Helen Thomas: Should We Forgive an Anti-Semite Who Apologizes?
06/10/10
Special to the Jewish Week
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Q: The Helen Thomas case prompts a question: What she said on that video was horrible, but given the fact that she apologized and is so old, isn’t it in the spirit of Judaism to forgive her?

A. Helen Thomas never apologized. On June 4, she placed the following statement on her website:

“I deeply regret my comments I made last week regarding the Israelis and the Palestinians. They do not reflect my heart-felt belief that peace will come to the Middle East only when all parties recognize the need for mutual respect and tolerance. May that day come soon.”

There’s no mention of the “go back to Germany and Poland” part of her diatribe, nor do we find the word “apology” at all. A regret is not an apology. To feel badly about a painful result is not the same as taking responsibility for having inflicted the pain. Richard Blumenthal’s recent admission of “mis-speaking” (read: lying) regarding his military service and Vietnam was something he regretted at first, but only a week later did he apologize. Thomas’ statements, of course, were far worse, and her apology has yet to appear.

She needed to resign, and the “grumpy ol’geezer” defense won’t cut it. Her comments were shocking and offensive for a person of any age, much like those of Reverend Jeremiah Wright that caused candidate Obama to compare him to an old uncle. Both Thomas and Wright are embarrassments to embattled professions that pride themselves in judicious use of language – and they are an embarrassment to elderly people as well.

I must admit that part of me feels uncomfortable about the instant trial that Helen Thomas received.

"Gotcha" journalism has now become so pronounced in the blogosphere and it reeks of what Jewish law calls rechilut, tale-bearing, one of the worst forms of gossip. Maybe, given her lifetime of service (apparently unblemished by prior smoking-gun anti-Semitism despite her vocal opposition to Israel), Thomas could have been better served had these remarks been shared with her and her employers privately at first, rather than creating an instant online firestorm. Private rebuke is a tack also supported by Jewish sources. If that approach didn’t result in her immediate resignation, that would have been the time to let the video go viral and let the court of public opinion decide.

I know and respect the rabbi who exposed Thomas on his blog. I can only imagine how shocked and pained he was to hear these now infamous Helen-isms, and I've no doubt that I would have responded similarly. So I'm not calling him out on this. (Otherwise, I should have done that privately too!)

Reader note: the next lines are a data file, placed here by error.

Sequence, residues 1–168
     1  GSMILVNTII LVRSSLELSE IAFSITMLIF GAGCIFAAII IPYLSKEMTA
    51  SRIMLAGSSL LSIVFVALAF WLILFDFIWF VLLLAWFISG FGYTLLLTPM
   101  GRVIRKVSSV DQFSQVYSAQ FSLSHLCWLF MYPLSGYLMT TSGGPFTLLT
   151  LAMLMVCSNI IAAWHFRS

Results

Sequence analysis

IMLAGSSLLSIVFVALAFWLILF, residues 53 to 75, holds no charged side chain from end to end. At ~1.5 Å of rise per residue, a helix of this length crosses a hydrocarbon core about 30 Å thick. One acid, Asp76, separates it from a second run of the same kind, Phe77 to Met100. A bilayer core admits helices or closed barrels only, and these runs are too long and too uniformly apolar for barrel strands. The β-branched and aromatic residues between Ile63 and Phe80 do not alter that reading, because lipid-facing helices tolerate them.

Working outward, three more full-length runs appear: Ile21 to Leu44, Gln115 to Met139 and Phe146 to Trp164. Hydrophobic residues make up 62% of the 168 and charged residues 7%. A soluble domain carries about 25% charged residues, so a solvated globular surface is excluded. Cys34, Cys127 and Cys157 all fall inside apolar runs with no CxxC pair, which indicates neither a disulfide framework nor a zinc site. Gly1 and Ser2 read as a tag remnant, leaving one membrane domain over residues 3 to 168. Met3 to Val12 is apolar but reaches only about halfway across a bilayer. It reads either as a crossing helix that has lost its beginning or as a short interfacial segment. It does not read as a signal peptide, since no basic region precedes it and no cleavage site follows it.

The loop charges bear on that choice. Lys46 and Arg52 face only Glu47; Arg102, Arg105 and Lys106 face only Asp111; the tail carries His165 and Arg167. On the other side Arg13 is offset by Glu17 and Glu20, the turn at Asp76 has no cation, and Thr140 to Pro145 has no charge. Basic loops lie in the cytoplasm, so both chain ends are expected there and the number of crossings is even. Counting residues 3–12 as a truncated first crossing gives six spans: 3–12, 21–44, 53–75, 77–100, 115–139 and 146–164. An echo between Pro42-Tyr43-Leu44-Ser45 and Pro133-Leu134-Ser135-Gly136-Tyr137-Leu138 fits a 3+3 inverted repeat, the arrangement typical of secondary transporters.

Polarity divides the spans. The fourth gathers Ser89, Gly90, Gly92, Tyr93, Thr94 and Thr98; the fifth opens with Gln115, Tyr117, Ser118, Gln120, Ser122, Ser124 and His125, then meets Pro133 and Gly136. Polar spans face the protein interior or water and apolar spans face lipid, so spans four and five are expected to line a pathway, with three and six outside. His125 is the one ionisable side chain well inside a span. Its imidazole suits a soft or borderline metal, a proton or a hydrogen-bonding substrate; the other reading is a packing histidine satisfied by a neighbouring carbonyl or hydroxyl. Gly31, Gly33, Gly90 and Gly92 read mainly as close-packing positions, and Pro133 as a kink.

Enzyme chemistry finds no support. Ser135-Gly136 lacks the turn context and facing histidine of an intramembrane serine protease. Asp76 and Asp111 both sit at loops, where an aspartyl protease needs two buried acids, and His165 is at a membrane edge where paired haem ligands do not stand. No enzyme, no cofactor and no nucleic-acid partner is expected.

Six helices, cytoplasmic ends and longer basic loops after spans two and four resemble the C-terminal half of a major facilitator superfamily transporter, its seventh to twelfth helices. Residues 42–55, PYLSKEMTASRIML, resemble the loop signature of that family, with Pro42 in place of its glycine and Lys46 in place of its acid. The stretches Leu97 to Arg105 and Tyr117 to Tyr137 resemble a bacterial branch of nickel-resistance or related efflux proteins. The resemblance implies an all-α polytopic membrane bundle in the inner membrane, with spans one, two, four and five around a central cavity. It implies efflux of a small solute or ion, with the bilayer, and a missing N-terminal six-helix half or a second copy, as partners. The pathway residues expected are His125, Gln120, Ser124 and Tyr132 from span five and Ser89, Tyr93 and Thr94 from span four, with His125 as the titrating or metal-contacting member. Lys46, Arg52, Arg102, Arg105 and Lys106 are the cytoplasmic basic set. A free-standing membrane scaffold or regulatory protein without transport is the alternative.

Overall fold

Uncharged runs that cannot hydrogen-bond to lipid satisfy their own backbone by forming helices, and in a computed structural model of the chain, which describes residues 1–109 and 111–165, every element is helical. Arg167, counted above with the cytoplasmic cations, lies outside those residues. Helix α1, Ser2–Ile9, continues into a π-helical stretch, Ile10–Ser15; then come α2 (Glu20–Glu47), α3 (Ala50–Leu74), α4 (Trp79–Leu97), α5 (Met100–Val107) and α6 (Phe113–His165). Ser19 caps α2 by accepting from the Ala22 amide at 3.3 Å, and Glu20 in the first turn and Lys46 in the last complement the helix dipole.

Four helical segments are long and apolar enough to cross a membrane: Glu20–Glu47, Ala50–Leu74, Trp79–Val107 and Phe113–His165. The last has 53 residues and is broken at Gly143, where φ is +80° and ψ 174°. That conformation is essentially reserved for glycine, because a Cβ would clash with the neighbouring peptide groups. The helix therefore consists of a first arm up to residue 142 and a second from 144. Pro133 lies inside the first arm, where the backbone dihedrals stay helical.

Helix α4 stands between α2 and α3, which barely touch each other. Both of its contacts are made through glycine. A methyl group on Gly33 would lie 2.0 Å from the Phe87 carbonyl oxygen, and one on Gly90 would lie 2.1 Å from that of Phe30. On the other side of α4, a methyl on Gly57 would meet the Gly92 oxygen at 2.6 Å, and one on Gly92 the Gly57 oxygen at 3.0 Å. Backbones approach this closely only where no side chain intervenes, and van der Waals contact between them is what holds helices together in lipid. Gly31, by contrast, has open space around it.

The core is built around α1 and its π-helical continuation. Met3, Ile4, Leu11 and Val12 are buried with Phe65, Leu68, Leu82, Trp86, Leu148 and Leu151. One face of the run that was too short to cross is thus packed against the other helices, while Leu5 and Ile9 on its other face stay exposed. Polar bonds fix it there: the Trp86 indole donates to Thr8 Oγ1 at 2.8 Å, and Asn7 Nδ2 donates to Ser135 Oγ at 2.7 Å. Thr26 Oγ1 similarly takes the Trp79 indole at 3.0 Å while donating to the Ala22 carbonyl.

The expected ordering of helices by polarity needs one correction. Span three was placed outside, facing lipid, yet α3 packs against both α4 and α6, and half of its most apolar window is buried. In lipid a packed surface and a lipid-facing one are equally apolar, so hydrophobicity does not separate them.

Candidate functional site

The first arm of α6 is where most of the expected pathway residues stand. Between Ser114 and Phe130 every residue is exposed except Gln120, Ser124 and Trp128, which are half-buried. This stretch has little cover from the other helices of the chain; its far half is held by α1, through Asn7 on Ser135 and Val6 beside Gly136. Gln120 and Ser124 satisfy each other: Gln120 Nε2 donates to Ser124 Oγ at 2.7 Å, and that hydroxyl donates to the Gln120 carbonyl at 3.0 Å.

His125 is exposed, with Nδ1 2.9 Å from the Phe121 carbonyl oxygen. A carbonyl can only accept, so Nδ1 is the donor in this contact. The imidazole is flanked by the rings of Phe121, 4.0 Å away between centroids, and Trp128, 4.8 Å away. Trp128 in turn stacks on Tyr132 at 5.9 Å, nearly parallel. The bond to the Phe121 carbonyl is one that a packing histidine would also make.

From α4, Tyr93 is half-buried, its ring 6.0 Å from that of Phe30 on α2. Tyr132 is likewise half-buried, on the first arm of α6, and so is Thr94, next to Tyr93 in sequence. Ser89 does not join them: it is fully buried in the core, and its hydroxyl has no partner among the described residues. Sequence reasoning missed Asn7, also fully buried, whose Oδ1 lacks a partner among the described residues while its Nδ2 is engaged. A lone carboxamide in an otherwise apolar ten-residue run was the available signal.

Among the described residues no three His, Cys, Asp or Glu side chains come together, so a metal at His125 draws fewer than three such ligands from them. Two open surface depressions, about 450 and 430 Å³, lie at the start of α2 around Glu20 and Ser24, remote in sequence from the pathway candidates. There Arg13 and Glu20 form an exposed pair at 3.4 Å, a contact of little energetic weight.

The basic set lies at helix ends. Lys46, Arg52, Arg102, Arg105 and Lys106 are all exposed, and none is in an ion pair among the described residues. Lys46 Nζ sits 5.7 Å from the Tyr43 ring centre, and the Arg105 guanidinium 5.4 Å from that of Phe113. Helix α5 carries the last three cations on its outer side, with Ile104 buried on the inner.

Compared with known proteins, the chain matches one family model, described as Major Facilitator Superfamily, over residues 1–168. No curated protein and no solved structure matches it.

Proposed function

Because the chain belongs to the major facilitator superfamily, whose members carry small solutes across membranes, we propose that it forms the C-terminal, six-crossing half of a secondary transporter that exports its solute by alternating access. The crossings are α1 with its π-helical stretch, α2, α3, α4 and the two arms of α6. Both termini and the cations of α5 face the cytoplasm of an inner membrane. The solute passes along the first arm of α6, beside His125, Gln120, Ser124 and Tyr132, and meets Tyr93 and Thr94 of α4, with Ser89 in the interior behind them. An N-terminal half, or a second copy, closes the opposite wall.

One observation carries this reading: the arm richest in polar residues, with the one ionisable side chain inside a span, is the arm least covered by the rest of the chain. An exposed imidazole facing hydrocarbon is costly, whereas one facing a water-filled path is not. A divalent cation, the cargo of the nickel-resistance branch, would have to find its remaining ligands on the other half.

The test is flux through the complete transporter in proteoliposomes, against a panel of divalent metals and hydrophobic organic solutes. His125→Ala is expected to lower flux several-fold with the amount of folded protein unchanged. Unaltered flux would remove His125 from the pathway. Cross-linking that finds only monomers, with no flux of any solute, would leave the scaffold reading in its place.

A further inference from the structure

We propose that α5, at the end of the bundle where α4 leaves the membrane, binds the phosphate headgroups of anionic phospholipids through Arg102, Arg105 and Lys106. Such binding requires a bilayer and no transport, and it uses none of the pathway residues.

I'm just hoping we all can step back and not feel so smug that we "nabbed one." Anti-Semites won't disappear if we take them out, one at a time. Rabbi Nesenoff has seen first-hand how this viral, vile video has only stoked a hornets’ nest of Jew hatred, much of it directed at him personally. I'm also not convinced that Thomas was always a Jew hater even if what she said was clearly anti-Semitic.

There are times when Jew hatred needs to be exposed and confronted with an overwhelming response, like when a madman running a huge country calls for Israel’s destruction and denies the Holocaust. I’m not so sure Helen Thomas posed such a danger to society.

Which brings us back to the original question. Helen Thomas aside, should we forgive an anti-Semite who apologizes, or, to be precise, someone who makes an anti-Semitic remark, takes ownership of it, is remorseful and asks forgiveness?

Yes, we should.

Our sages suggested that the greatest hero is the one who can transform an enemy into a friend. The Torah unambiguously discourages us from holding grudges.

So, Helen, when you wake up one night in a cold sweat, finally sensing the full horror of what you said, give me a call.

We’ll talk.
 

Last Update:

12/20/2011 - 05:44

Comments

I appreciate your apology concerning your incorrect and defamatory comments toward Christians and Tim Tebow. I hope the apology is sincere. I have to ask though: Do you really believe that every Christian is going to engage the activities that you referred to simply because of Tebow? That is absurd. I am a Christian and I like Tebow, but I still root for the Houston Texans. If Tebow wins the SB I am not going to happy. And even if I was why would I engage in the activities that you referred to? I wouldn't. Your comments are illogical and silly. I'm not going to hold a grudge, but I am going to watch your writings going forward and see if your intolerance and ignorance of Christians and Christianity continues in the future.

Forgive? No. But maybe we can move on. There will always be anti-Semites. I wonder with you how this didn't come out before (although I have heard from insiders that those inside knew she was an anti-Semite and has made many private comments about the subject). I don't think it is necessary to forgive. The story will go away. She won't be heard from. She has ended her career on a sour, nasty note. So be it. She will be forever branded by thinking people as lacking in character. Why is it up to us to salve her pain? There are plenty of other people who will remain her defenders. Moving on without forgiving is not grudge holding. On the other hand, we also don't need to continue talking about this or her. If we do that then people will begin to see her as a victim. There's always a fine line that Jews have to walk. She will never apologize. Dream on.

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